Adverse possession is a legal concept governing the possession of land owned by someone else. The adverse possessor acquires valid title to the property in question as long as he or she has the land for the length of time dictated by the state statute and meets all common law requirements.
The doctrine of adverse possession helps encourage landowners to be more responsible about their properties as a way to avoid land waste and helps align land title disputes when there is a difference between the official records and how people use the property in reality. An effective adverse possession claim meets all five required elements.
A single person must have continuous possession of the land. The adverse possessor uses the property for an ongoing and uninterrupted time. He or she must use the property as the true owner would. For example, seasonal use of a vacation home over the course of many years is acceptable because that is how the owners would use it too.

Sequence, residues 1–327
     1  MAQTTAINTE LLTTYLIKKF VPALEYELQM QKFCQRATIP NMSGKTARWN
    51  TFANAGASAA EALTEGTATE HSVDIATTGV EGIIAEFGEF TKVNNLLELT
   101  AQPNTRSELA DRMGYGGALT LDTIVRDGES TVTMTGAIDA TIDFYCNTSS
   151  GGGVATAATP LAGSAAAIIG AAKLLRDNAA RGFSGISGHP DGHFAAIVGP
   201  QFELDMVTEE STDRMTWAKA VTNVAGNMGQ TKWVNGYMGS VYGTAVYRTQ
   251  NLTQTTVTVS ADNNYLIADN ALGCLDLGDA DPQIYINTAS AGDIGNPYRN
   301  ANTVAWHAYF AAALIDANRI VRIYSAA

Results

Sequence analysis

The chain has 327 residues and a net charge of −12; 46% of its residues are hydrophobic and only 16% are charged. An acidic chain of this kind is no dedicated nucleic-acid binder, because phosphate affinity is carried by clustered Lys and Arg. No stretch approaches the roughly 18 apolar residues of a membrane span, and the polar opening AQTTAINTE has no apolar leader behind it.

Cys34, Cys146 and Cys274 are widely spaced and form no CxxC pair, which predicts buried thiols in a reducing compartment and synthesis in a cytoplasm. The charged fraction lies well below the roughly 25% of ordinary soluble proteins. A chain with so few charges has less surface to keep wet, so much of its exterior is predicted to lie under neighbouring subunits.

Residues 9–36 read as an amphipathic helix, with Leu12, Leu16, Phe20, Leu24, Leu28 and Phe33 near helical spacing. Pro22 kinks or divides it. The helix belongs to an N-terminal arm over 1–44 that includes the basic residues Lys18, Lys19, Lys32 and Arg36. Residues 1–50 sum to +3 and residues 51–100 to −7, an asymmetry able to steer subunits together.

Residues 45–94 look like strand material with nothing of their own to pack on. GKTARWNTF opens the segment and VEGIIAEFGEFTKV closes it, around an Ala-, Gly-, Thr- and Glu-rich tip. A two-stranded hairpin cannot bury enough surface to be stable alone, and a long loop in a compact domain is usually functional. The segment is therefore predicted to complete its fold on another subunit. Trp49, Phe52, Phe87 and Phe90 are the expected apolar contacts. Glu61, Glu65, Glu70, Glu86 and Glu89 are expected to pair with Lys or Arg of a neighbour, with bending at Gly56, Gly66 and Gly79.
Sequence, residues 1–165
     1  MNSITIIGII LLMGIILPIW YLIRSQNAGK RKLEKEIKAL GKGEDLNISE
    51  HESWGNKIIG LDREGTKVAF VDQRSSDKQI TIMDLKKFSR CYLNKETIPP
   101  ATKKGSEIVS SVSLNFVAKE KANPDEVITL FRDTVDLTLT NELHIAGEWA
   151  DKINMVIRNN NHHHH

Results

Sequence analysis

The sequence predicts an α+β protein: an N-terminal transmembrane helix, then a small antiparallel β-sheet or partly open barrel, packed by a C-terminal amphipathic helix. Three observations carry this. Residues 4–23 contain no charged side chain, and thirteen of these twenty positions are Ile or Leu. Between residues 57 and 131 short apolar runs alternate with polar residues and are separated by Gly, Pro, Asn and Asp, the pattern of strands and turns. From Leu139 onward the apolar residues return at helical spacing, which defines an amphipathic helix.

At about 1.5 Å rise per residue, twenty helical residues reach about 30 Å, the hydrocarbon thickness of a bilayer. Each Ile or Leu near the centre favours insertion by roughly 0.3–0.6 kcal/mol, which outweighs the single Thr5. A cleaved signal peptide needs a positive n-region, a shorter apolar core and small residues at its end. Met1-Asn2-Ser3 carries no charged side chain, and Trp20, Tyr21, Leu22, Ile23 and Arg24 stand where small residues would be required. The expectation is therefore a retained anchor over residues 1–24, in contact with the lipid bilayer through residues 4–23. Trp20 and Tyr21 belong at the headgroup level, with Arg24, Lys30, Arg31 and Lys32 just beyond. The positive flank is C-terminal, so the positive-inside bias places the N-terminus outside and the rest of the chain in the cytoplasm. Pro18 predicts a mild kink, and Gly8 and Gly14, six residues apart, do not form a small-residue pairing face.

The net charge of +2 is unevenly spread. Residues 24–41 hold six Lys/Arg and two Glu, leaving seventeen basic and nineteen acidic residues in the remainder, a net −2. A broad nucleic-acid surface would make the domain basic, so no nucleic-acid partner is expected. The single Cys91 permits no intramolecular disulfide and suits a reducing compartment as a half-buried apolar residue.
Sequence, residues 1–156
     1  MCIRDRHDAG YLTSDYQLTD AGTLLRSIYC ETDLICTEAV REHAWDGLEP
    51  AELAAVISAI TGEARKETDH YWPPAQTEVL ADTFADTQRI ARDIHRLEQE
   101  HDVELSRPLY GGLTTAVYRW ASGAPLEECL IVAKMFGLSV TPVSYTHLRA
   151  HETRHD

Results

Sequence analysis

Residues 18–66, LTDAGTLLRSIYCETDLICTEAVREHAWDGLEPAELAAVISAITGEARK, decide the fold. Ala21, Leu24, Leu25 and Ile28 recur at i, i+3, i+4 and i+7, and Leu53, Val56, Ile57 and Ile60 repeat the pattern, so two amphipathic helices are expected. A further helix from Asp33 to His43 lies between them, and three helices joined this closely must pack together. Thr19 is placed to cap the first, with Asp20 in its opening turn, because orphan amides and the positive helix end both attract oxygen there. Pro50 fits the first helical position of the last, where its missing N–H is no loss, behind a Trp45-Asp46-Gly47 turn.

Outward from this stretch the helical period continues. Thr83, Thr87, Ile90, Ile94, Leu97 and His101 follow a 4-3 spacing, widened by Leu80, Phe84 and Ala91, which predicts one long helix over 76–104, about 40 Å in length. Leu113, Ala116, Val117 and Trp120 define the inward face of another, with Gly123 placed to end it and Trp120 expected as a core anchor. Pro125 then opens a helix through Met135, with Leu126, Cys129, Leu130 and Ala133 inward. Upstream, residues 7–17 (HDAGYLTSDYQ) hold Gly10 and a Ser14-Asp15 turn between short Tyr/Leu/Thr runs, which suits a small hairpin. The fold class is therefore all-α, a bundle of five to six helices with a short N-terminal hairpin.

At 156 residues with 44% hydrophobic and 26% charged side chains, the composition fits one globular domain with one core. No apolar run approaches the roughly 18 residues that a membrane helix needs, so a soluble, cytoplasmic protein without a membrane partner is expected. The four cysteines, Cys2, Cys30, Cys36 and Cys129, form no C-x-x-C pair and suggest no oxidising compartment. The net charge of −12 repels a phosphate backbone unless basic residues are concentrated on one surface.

Possession of the property is hostile when it infringes on the rights of the true owner. The adverse possessor must have awareness of trespassing, occupy the land or make an honest mistake. An example of an honest mistake is if a person relies on an incorrect deed.
Open and notorious possession
The person’s act of trespassing cannot be secret or sneaky. He or she has to openly act like the owner of the property. The adverse possessor’s actions put the true owner on notice about the trespassing.
The adverse possessor must actually physically possess the property and treat it as his or her own. Merely planning to occupy the land does not count.
The person’s possession of the property must remain exclusive, meaning that he or she does not share control of the property with anyone. The adverse possessor keeps others off of the land, including the owner.
The period required for occupation of adversely possessed in California is five years and the person must also pay taxes during that time.